Moto G Android 5.0.2 Lollipop is now officially rolling out all over the world, with reports coming in from Europe, India and the US. Once Google optimized Android 5.0 Lollipop for their Nexus devices, the search engine giant sent out the AOSP to OEMs so that they can make the necessary changes for the software to work on other devices. Motorola is among the few companies who has little changes to make since their phones run near-stock Android. That being said, it is no surprise that Android 5.0.2 Lollipop is now available for 2nd generation Moto G and Moto X devices.
The rollout to the Moto G and Moto X had begun in December, originally, but Motorola decided to pull the update because it was causing issues in the soak-test. Until now, there has been no word on when the update would go out. Last week, users in the U.S., Italy and India started reporting on Twitter and various forums and social media platforms that they were receiving a new over the air update. It turned out that the 2nd generation Moto G was getting a fresh build bringing the version number up to Android 5.0.2 Lollipop. Since people were quite disconcerted with the previous versions on Nexus devices, many smartphone owners decided to postpone installing the OTA, hoping that 5.0.2 would bring a more stable version of the software to their devices.
Oddly enough, some 1st generation Moto G owners also reported that they had received Android 5.0.2 Lollipop, although that is most likely as part of a soak test. Motorola developers and team members stressed the existence of a soak test, since they want to determine if the updates are negatively affecting user experience. Why would Material Design be negative, anyway? The fact is that once Google pairs its updates to Nexus, it doesn’t deal with fixing issues on other devices. That responsibility lies with the OEMs and manufacturers, and as we all know, some take their sweet time (khm, Samsung).
Moto G owners are now glad to report that they can experience build number 22.21.28, aka Android 5.0.2 Lollipop. Mind you, this is a staggered rollout, and everybody keeps repeating that so that people who haven’t received the update yet don’t feel left out. Anyhow, most report that the updated software is buttery smooth, but others are still complaining about a slow camera, battery drain as well as bugs with the microSD card. One Moto G 2nd generation owner stated that the camera was worse than if it were a potato, while others said that their battery is draining like crazy, especially with alarms activated. The microSD card issue wasn’t too widespread, but one Moto G 2nd gen owner testified that every time they tried to take a picture, the microSD card would be rejected (since they probably set the SD card as main storage for photos). One of the biggest things we are concerned about is the memory leak, though.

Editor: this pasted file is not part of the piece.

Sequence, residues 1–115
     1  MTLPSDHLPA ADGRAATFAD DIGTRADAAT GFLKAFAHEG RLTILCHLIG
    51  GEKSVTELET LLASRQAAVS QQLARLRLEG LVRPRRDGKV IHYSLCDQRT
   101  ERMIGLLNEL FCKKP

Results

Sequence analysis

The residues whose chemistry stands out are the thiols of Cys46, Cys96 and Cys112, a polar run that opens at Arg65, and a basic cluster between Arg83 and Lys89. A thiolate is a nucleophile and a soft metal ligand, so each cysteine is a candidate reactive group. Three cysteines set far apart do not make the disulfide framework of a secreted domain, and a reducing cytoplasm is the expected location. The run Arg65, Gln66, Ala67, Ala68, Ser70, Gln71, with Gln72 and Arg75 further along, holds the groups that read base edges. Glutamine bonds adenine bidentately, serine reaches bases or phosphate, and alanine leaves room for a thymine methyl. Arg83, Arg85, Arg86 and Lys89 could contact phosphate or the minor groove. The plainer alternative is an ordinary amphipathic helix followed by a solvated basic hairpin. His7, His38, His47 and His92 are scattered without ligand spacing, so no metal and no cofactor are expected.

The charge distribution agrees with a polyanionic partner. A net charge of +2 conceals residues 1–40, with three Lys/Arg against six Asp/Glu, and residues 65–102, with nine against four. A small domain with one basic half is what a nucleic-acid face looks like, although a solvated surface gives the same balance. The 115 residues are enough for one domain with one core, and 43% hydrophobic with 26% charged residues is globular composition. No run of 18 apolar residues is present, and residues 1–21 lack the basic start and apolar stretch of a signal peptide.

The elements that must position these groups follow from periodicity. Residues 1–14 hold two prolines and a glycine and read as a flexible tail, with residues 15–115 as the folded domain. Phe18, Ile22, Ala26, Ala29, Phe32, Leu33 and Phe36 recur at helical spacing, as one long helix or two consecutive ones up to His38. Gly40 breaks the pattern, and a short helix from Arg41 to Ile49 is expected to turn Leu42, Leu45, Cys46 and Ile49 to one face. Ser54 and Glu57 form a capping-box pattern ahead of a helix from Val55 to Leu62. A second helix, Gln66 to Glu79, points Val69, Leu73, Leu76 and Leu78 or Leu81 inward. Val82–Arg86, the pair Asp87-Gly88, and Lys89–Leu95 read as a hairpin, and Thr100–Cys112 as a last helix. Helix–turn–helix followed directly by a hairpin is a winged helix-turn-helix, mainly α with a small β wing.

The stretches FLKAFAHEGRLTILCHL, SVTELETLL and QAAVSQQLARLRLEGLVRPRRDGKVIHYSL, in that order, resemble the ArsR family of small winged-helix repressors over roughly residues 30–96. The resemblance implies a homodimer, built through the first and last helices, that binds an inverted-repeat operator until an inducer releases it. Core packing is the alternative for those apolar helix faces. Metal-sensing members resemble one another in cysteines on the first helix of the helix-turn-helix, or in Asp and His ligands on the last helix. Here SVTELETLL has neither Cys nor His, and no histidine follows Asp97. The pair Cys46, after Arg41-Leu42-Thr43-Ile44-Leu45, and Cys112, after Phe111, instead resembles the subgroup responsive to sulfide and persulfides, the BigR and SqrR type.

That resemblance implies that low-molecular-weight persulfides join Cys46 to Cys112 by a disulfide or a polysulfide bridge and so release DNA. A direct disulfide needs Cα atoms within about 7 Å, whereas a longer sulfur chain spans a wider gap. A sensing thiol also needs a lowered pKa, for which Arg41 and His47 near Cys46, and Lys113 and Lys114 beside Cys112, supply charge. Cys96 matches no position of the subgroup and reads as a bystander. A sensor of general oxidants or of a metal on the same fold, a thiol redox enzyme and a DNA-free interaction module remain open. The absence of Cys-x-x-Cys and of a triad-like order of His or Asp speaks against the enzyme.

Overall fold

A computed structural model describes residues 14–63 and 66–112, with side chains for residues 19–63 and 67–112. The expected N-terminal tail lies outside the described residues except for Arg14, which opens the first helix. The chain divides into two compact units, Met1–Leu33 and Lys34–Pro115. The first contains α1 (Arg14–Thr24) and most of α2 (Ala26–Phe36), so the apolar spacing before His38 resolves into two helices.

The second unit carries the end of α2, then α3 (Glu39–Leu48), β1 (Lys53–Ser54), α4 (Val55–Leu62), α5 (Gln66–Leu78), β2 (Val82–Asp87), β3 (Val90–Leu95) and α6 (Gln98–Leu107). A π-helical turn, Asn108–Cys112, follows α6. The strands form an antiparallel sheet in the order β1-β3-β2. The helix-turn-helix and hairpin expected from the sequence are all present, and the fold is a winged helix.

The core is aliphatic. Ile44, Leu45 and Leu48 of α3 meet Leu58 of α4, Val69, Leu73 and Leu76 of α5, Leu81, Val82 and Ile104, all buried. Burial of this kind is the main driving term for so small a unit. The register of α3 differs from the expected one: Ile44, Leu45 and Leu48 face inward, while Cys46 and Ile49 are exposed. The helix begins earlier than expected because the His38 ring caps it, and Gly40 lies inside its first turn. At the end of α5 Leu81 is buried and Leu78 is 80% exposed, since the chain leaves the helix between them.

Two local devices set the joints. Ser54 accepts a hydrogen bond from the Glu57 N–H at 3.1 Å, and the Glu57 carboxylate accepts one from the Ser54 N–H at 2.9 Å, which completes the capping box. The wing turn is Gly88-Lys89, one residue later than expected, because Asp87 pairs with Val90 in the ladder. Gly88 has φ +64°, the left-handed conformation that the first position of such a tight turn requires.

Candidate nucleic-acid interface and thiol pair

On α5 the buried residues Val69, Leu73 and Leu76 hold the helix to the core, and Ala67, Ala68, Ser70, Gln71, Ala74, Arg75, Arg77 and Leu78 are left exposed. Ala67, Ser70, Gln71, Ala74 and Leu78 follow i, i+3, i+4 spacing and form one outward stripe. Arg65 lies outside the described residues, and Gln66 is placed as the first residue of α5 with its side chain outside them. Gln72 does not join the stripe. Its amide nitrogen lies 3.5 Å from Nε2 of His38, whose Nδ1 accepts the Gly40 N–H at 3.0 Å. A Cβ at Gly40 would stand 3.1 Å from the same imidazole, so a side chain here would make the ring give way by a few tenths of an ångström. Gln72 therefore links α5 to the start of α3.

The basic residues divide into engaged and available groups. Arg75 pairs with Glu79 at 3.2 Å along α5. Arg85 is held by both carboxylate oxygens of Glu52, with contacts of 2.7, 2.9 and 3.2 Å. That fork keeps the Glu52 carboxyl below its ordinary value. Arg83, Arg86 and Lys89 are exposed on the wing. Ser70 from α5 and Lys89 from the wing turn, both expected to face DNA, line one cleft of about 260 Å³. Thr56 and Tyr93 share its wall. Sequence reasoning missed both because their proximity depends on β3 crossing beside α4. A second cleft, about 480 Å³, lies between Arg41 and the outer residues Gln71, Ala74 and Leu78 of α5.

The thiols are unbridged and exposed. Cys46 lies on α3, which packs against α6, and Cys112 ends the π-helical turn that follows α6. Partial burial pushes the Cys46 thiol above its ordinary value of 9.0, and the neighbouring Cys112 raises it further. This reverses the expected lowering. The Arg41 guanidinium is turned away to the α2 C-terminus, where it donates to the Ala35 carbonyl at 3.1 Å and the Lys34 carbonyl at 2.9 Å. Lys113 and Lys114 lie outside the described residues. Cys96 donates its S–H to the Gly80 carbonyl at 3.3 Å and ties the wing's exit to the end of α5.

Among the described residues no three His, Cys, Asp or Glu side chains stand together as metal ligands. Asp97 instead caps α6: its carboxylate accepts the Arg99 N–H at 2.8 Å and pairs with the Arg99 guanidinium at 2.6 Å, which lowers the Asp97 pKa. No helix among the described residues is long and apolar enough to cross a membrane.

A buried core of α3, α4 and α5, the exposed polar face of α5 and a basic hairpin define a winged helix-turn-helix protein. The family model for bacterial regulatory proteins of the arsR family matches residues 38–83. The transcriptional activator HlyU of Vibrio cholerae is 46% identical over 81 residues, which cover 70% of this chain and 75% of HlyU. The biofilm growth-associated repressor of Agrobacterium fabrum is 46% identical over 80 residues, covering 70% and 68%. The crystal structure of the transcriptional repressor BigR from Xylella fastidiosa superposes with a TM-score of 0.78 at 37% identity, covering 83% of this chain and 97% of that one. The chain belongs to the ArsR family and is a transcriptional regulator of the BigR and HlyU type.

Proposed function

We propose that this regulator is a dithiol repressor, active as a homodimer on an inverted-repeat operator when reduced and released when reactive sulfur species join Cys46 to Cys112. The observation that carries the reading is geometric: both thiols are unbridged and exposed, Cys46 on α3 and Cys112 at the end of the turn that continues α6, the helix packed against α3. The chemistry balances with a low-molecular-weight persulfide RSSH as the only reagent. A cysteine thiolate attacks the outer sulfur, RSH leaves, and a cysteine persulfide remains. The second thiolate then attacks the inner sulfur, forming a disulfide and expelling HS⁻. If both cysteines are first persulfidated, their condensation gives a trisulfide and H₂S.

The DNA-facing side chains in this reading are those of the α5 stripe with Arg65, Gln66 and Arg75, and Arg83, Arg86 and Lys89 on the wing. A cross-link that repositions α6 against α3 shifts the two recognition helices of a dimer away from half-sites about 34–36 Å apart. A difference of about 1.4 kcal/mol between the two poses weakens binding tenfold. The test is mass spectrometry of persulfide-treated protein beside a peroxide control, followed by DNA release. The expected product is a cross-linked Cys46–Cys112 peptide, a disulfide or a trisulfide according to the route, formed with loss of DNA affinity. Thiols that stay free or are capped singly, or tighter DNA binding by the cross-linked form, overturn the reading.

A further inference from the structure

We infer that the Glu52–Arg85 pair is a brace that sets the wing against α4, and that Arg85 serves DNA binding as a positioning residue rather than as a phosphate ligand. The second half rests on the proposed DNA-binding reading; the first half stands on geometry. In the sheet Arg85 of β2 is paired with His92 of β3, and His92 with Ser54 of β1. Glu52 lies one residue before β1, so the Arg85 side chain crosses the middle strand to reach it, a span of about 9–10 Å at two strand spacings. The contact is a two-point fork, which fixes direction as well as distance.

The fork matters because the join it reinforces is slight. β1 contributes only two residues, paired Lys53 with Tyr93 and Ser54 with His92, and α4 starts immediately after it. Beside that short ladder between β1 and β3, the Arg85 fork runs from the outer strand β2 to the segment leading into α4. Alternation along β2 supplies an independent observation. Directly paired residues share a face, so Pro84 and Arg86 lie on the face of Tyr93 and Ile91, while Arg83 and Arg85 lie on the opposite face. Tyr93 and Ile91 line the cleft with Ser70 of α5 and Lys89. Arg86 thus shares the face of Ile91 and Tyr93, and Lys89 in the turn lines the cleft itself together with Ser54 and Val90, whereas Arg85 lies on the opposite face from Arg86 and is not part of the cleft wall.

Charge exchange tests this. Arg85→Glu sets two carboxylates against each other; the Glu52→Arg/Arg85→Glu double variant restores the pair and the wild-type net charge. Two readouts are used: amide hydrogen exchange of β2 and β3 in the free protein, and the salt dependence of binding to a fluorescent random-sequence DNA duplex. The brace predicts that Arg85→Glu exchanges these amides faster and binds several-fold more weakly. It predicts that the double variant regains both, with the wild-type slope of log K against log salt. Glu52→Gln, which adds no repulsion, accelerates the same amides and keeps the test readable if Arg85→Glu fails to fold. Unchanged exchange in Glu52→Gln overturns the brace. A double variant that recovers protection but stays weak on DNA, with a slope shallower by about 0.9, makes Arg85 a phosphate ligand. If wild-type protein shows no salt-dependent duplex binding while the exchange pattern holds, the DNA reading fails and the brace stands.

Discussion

A memory leak has been discovered in Android 5.0 (yes, in the first version and no, 5.0.1 hasn’t fixed it). That means that your phone will keep crashing apps and force-closing them because something is wrong with how RAM memory is being managed by Android 5.0 Lollipop. In the Android issue tracker, it still says that the fix is in a “future release” state, so it’s unlikely that 5.0.2 came with a fix. New issues reported in a the tracker include mention of the memory leak, explaining that a 2014 Moto G running the new update was constantly killing and restarting apps through the lowmemorykiller. Our best guess is that Google will release a minor Android 5.0.3 Lollipop update that will contain a fix for the issue.
The weird thing is that the memory leak has been present in Nexus and other devices, too, even before Lollipop was made official. There were no official statements released from Google or various OEMs addressing the issue and users experiencing them are getting more and more frustrated each day. The issue tracker is filling up with new reports daily, involving either the Moto G, Moto X, Galaxy S4 or even the Galaxy S5. Our question is: if the issue has been found and marked as a future release (for almost a month now), then why isn’t the fix being released in a minor update? The issue itself was first reported more than 2 months ago in the developer version of Android Lollipop, so that should have been enough to find a fix and release it. Alas, this whole affair is a bit confusing. Maybe it’s a conspiracy, although the point of it evades me. Have you received Android 5.0.2 Lollipop on your Moto G? If so, tell us how it feels like, how sweet is it? Also, let us know if you’ve experienced the memory leak issue we described above, mentioning your phone’s model name and number, location and software version, as well as the scenario that triggered the event.